I believe that the intersection is not always finitely generated as a normal subgroup. The factor-group $F_g$ of $G$ over the normal subgroup $M=\langle a_1,...,a_g\rangle^N$ is freely generated by the images of $b_1,...,b_g$ which we shall denote by the same letters: $b_1,...,b_g$. Since $M$ is finitely normally generated, it is enough to consider your question for the free group $F_g$.
Suppose that $g>2$. Let $N_1=\langle b_1\rangle^N, N_2=\langle b_2\rangle^N$. Then $N_i$ consists of all words in $F$ which become trivial after removing $b_i$, $i=1,2$. The intersection of $N_1$ and $N_2$ consists of all words which become trivial both after removing $b_1$ entrees and after removing $b_2$ entrees. I do not have time to check it now, but I think that $N_1 \cap N_2$ is not finitely generated as a normal subgroup. It is generated as a normal subgroup by all commutators $[b_1, b_2^{\pm u}]$ where $u$ is an arbitrary word in the generators of $F_g$. The factor group $F_g/(N_1\cap N_2)$ is not finitely presented. I will elaborate on that when I have time. Or perhaps somebody can do that for me.

**Update.** Here is the proof that $N=N_1\cap N_2$ is not finitely generated as a normal subgroup. As I wrote above $N$ is normally generated by all commutators $[b_1, b_2^u]$ where $u$ is an arbitrary word in $b_1,,,,,b_g$. For simplicity assume that $g=3$ (the general case is not significantly different) and denote $b_1, b_2, b_3$ by $a,b,c$. I claim that $N$ is normally generated by commutators $[a, b^{\pm c^n}]$, $n\in \mathbb{Z}$. Clearly each of these commutators is in $N$. We need to show that all relations $[a,b^u]=1$ follow from relations $[a, b^{\pm c^n}]=1$. So suppose that all relations $[a, b^{\pm c^n}]=1$ hold in some group $G=\langle a,b,c\rangle$. In particular, $ab=ba$. Consider a relation $[a, b^u]=1$ for some word $u$. Suppose first that $u$ does not contain the letter $a^{\pm 1}$. Since $b^u=b^{b^ku}$ for every $k$, we can assume that the total degree of $b$ in $u$ is 0. Therefore $u^{-1}$ is a product of conjugates of the form $b^{\pm c^n}$. Note that the relation $[a, b^{\pm u}]=1$ is equivalent to the relation $[a^{u^{-1}},b^{\pm 1}]=1$. Since by our assumption $b^{\pm c^n}$ commutes with $a$, the relation $[a^u,b^{\pm 1}]=1$ follows.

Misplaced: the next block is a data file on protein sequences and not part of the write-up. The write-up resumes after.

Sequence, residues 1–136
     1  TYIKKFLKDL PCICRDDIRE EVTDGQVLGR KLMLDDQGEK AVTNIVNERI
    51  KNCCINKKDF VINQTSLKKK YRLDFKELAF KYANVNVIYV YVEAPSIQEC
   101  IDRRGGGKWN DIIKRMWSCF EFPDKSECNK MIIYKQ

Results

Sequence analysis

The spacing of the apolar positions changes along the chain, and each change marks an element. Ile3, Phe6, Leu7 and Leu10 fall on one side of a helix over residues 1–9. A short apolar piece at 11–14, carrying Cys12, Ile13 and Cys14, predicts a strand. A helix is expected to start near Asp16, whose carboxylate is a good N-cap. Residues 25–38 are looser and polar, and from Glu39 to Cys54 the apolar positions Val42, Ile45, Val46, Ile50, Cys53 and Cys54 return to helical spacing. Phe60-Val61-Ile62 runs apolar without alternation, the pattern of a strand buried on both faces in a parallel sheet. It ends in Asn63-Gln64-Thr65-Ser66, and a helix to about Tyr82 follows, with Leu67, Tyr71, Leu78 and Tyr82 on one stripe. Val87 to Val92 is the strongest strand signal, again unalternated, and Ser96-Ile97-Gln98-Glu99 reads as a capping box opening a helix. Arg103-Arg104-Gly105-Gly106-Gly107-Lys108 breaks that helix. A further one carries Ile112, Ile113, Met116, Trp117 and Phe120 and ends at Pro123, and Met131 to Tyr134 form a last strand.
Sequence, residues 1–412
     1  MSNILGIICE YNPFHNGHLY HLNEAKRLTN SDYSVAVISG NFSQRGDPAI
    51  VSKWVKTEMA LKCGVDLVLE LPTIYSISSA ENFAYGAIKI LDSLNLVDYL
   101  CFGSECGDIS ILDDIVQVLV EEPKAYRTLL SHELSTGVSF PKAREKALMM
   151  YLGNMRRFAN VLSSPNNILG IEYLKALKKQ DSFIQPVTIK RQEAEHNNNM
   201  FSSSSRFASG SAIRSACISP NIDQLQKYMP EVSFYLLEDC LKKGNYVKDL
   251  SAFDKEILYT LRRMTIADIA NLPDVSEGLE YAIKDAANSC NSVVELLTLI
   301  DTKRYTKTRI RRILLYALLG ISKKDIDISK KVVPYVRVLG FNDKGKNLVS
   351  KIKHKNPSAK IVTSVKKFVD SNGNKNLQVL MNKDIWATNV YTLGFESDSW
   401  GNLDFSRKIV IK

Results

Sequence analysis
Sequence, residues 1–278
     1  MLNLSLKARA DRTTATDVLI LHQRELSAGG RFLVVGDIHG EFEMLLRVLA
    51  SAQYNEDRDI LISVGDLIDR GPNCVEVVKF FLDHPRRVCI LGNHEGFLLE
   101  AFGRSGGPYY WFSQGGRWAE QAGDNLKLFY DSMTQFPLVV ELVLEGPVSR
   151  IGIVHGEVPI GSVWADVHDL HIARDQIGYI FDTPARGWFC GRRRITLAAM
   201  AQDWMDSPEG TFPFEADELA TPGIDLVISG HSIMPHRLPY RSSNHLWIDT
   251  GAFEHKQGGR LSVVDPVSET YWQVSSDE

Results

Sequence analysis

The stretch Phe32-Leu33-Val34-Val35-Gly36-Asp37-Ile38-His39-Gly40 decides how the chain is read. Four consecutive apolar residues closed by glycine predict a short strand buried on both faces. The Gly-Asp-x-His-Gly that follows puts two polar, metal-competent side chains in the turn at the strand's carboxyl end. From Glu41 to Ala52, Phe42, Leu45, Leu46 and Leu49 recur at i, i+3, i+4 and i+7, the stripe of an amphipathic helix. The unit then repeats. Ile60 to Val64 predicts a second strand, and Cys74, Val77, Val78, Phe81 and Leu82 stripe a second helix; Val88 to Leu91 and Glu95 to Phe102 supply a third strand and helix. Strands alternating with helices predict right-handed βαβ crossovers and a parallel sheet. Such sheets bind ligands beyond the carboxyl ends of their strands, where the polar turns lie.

Now suppose that $u$ contains occurrences of $a^{\pm 1}$. Since $b$ and $a$ commute, the relation $[a, b^u]=1$ is equivalent to $[a, b^{a^ku}]=1$ for every $k$, hence we can assume that the total degree of $a$ in $u$ is 0. Hence $u$ is a product of conjugates of the form $a^{\pm v}$ where $v$ is a word in $b,c$. By what we prove in the previous paragraph, $a^{\pm v}$ commutes with $b$ (since $v$ does not have occurrences of $a^{\pm 1}$. Hence $b^u=b$ modulo the relations $[a, b^{c^n}]=1$ and we are done.

We need to show that the factor group $G=F_3/N$ is not finitely presented. By our claim, $G$ has the presentation $\langle a,b,c \mid [a, b^{c^n}]=1, n\in \mathbb{Z}\rangle$. But this is the HNN double (extension with centralizer) of the free group $F_3$ along the infinitely generated subgroup $H=\langle b^{c^n}, n\in \mathbb{Z}\rangle$, so $G$ is indeed not finitely presented.